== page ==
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Forefoot Running vs Heel Strike

Forefoot Running vs Heel Strike – Which Technique is Best? 2021

Forefoot running has gained popularity over the past few years which is mainly to do with the book born to Born to Run by Christopher McDougall. During this time many shoe companies jumped on the bandwagon and started to push the benefits of forefoot running vs heel strike through minimalist shoes.

In this article, we help you learn about forefoot running and compare forefoot running vs heel strike. So keep on reading if you want to know how to run forefoot and if you should change from heel striking.

What is Forefoot Running? A Complete Guide

If you haven’t learned about forefoot running before, forefoot running is when a runner lands on the ball of their foot or places the most weight on that area of the foot during the landing and initial loading phase. They also may end up landing ahead of the balls of their foot and closer to their toes. However, landing ahead of the metatarsal can place more strain on your calf muscles, toes, and Achilles. So, generally, toe running or placing most of your weight on the toes when landing is typically frowned upon if you are a distance runner.

So you might be a little confused now. Can you be called a forefoot runner if you don’t land on the ball of your foot? First, you must understand the human gait, which is broken up into stages below.

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FIRST STAGE – The moment when your foot touches the ground.

SECOND STAGE – This is the initial load phase. This is when the weight is localized to one leg and that leg is trying to control the force.

THIRD STAGE – The third stage is the toe-off stage. When your hip extends behind you, driving your body forward.

FOURTH STAGE – This is when your leg travels through the air to make contact with the ground again. this completes the runner’s gait cycle. But it is important to note that there is a period when both feet are in the air.

So what does this all mean? Well, the second stage of your running gait will tell you if you are forefoot running vs heel striking. Because while you may have a split second of contact to the ground via the heel, the majority of the loading phase is maybe more towards the forefoot.

This is generally a misconception with runners as they think that a small amount of heel-to-ground contact makes you a heel striker. Unfortunately, this is not the case.

Forefoot Running vs Heel Strike – What Should You know?

It is important to understand that when you compare forefoot running vs heel strike, there is no right or wrong. Even though the trend has been that barefoot, minimalist, and forefoot running is the best way to run.

What people haven’t told you is that it actually ends up placing more stress on the calf and Achilles. And while it does help reduce the number of knee injuries, it only really ends up trading one for the other.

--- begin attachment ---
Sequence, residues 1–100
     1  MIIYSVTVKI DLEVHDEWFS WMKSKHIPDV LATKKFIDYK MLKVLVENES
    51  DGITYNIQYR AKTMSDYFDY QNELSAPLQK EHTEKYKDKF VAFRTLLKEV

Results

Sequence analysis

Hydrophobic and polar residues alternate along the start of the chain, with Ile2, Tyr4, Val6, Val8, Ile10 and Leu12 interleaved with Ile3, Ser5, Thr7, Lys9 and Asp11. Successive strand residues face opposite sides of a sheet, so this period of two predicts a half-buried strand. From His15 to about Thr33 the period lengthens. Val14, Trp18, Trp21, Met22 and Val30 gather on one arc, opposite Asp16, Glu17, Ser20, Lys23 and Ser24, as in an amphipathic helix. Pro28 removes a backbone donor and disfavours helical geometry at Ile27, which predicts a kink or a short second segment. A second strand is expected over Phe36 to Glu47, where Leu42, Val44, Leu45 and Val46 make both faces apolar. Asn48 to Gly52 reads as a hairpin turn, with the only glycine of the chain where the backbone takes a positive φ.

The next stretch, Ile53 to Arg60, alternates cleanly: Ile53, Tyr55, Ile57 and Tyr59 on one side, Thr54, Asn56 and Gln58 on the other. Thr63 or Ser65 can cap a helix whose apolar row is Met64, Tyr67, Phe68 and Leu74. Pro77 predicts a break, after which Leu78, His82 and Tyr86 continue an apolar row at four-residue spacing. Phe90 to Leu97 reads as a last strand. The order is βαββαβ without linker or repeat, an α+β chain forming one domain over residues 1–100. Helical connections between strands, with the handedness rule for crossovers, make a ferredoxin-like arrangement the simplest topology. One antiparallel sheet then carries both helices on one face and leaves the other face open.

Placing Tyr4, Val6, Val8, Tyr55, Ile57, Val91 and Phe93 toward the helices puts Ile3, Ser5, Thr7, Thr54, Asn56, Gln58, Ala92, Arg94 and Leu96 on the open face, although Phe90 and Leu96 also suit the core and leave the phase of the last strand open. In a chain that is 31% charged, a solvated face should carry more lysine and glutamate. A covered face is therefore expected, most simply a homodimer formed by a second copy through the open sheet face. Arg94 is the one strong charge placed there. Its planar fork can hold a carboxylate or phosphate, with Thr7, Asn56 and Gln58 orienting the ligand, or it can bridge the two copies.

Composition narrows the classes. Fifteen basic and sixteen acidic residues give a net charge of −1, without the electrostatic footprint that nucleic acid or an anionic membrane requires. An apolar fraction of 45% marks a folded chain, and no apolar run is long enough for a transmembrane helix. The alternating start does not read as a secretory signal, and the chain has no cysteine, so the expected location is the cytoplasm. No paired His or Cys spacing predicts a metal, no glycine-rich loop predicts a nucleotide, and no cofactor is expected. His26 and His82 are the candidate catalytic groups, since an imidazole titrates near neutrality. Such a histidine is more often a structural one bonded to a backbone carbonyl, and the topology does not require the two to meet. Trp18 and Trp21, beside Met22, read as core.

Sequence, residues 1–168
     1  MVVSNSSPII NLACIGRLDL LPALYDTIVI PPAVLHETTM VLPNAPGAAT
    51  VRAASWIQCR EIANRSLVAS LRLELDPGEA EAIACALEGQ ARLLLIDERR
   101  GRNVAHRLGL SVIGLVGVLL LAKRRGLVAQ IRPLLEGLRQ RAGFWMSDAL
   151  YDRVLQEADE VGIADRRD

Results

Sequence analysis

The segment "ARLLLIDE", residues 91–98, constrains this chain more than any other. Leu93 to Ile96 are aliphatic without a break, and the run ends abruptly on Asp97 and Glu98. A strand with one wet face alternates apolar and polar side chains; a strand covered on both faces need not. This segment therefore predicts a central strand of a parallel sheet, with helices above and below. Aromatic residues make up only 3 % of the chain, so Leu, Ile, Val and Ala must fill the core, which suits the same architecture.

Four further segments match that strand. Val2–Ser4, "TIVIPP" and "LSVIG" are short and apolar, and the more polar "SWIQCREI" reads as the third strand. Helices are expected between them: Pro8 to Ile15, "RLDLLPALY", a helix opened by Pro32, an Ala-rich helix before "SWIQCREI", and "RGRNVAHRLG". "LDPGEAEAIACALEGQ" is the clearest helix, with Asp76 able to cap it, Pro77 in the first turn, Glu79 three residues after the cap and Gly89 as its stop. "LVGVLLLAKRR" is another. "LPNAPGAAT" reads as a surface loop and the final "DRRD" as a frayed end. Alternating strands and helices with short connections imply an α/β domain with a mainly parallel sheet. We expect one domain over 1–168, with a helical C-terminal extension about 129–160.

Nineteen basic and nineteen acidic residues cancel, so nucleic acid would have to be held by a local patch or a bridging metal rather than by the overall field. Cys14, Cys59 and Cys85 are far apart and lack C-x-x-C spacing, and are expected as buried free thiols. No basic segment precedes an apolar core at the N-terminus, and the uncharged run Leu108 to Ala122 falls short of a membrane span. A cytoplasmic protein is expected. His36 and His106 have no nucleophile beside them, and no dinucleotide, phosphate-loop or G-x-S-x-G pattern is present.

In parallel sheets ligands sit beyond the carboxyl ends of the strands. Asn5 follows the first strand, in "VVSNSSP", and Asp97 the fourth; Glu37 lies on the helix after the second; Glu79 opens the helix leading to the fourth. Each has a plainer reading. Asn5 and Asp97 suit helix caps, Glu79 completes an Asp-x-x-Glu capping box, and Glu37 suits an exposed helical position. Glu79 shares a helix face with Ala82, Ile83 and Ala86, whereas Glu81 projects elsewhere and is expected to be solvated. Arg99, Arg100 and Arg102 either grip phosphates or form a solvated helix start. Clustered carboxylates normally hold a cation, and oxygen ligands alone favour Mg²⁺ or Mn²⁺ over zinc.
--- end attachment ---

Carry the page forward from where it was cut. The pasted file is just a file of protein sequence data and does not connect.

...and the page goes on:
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There are a large portion of runners that heel strike as well as run forefoot. That is mainly because other factors affect a runner’s gait, such as running type, speed, and foot shape. So, the most important thing to remember is where the foot lands in relation to the body´s center of gravity and not the first contact phase.

Heel Strike Running Injuries

Heel Strike Running Injuries – Is Heel Striking Bad?

Generally, heel striking isn’t a bad thing, even though the media and shoe companies make you believe so. What is bad is having your center of gravity and most of your weight landing on your heel. Rather than being distributed correctly around the midfoot. That means having the heel to the ground first is not always a bad thing. As long as the majority of the weight is distributed properly and the foot has landed correctly in relation to the body´s center of gravity, you should be ok.

However, if you are one of the unlucky people that load more of the bodyweight on the heel than distribute it correctly, you may end up with knee and hip issues. This is largely to do with the share impact and instability from placing most of your weight on the heel when landing.

While most shoes offer a lot of cushioning in the heel, these types of runners tend to land ahead of the center of gravity. Thus producing a stop motion while they run. Which then increases the amount of force traveling to the knees and hips.

How to Run Forefoot?

How to Run Forefoot? – And Should You?

If you are a true heel striker, there may be a reason to look at trying to distribute the loading phase more towards the front of the foot. So, if you are wondering how to run forefoot don’t think just buying a pair of minimalist, or Vibram five fingers will automatically change that. You will need to spend some months learning to re-develop your running style through running drills and technique sessions. Doing so correctly will help change where the majority of the weight on your foot when you land.

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This is where it is important to talk to a physiotherapist or running coach. Both can help provide you with the correct running drills to focus on each week. As well as make sure you are performing them correctly.